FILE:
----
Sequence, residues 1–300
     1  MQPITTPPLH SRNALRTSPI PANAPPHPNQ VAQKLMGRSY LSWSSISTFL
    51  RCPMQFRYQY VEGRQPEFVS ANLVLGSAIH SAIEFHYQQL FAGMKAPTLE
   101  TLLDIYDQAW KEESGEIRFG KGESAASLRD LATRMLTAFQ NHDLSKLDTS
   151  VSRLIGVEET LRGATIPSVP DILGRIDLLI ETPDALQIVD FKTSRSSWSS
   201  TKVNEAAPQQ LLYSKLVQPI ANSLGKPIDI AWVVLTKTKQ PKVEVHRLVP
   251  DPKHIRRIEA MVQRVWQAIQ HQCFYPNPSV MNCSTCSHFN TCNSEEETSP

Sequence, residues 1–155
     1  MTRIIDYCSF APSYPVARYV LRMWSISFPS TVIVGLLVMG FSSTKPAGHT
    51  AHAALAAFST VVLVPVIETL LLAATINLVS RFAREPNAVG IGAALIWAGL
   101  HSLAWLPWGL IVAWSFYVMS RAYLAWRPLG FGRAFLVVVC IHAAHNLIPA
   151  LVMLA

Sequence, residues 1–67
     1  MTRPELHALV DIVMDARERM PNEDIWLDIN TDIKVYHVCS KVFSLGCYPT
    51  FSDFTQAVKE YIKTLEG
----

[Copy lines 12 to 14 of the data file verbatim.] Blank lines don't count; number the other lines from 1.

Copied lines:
   151  LVMLA

Sequence, residues 1–67
     1  MTRPELHALV DIVMDARERM PNEDIWLDIN TDIKVYHVCS KVFSLGCYPT